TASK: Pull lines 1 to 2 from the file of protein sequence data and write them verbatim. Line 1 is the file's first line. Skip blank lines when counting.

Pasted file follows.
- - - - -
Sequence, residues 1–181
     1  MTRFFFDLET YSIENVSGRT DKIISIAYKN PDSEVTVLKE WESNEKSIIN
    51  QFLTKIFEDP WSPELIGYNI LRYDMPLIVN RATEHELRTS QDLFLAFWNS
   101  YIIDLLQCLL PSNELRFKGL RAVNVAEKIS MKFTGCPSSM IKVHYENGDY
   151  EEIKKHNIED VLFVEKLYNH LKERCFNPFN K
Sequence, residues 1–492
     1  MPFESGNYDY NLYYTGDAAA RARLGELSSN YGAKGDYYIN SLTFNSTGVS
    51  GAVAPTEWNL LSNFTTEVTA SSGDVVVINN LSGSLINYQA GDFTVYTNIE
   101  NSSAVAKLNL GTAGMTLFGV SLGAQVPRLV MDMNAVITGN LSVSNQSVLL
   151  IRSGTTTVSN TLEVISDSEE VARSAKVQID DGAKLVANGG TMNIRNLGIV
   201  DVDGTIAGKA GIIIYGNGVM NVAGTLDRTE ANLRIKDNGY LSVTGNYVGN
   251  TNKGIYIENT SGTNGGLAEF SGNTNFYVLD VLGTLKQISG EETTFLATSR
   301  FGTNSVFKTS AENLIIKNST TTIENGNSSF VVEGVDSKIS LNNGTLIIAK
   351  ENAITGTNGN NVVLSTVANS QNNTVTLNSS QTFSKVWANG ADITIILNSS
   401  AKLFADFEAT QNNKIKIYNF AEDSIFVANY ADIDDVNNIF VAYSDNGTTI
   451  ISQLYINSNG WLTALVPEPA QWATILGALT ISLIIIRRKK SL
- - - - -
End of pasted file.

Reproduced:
Sequence, residues 1–181
     1  MTRFFFDLET YSIENVSGRT DKIISIAYKN PDSEVTVLKE WESNEKSIIN